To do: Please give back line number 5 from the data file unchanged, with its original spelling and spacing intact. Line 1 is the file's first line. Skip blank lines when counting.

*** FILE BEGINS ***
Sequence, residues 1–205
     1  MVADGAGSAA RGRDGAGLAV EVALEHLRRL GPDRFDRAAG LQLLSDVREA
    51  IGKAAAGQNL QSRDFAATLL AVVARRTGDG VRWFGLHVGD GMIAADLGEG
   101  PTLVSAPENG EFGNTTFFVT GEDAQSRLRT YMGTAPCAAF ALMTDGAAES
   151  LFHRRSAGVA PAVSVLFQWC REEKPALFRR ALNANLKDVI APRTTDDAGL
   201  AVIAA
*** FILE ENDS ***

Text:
   151  LFHRRSAGVA PAVSVLFQWC REEKPALFRR ALNANLKDVI APRTTDDAGL